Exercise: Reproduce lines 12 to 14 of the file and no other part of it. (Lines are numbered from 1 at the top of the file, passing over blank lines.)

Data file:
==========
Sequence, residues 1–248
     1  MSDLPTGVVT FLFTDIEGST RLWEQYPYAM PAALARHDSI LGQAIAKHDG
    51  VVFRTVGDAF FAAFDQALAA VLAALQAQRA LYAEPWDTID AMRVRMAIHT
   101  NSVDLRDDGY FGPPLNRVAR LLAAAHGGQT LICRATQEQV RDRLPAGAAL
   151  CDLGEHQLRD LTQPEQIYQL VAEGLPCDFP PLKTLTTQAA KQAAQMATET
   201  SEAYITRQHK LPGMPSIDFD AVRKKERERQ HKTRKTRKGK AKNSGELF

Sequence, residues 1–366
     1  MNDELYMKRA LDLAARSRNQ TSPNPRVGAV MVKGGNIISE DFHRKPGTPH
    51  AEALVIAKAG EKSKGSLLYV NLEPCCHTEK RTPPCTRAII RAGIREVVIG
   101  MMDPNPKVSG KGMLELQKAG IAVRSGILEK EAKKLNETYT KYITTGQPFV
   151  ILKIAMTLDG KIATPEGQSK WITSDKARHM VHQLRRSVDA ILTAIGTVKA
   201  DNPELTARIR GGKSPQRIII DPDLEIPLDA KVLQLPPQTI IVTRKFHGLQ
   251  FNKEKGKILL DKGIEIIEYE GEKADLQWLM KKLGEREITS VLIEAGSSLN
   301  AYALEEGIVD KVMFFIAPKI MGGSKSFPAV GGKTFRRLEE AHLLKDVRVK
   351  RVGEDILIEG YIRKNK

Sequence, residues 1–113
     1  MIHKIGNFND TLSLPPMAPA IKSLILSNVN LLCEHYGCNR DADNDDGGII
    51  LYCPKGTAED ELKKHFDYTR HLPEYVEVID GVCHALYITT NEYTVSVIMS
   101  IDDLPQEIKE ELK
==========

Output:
   201  DNPELTARIR GGKSPQRIII DPDLEIPLDA KVLQLPPQTI IVTRKFHGLQ
   251  FNKEKGKILL DKGIEIIEYE GEKADLQWLM KKLGEREITS VLIEAGSSLN
   301  AYALEEGIVD KVMFFIAPKI MGGSKSFPAV GGKTFRRLEE AHLLKDVRVK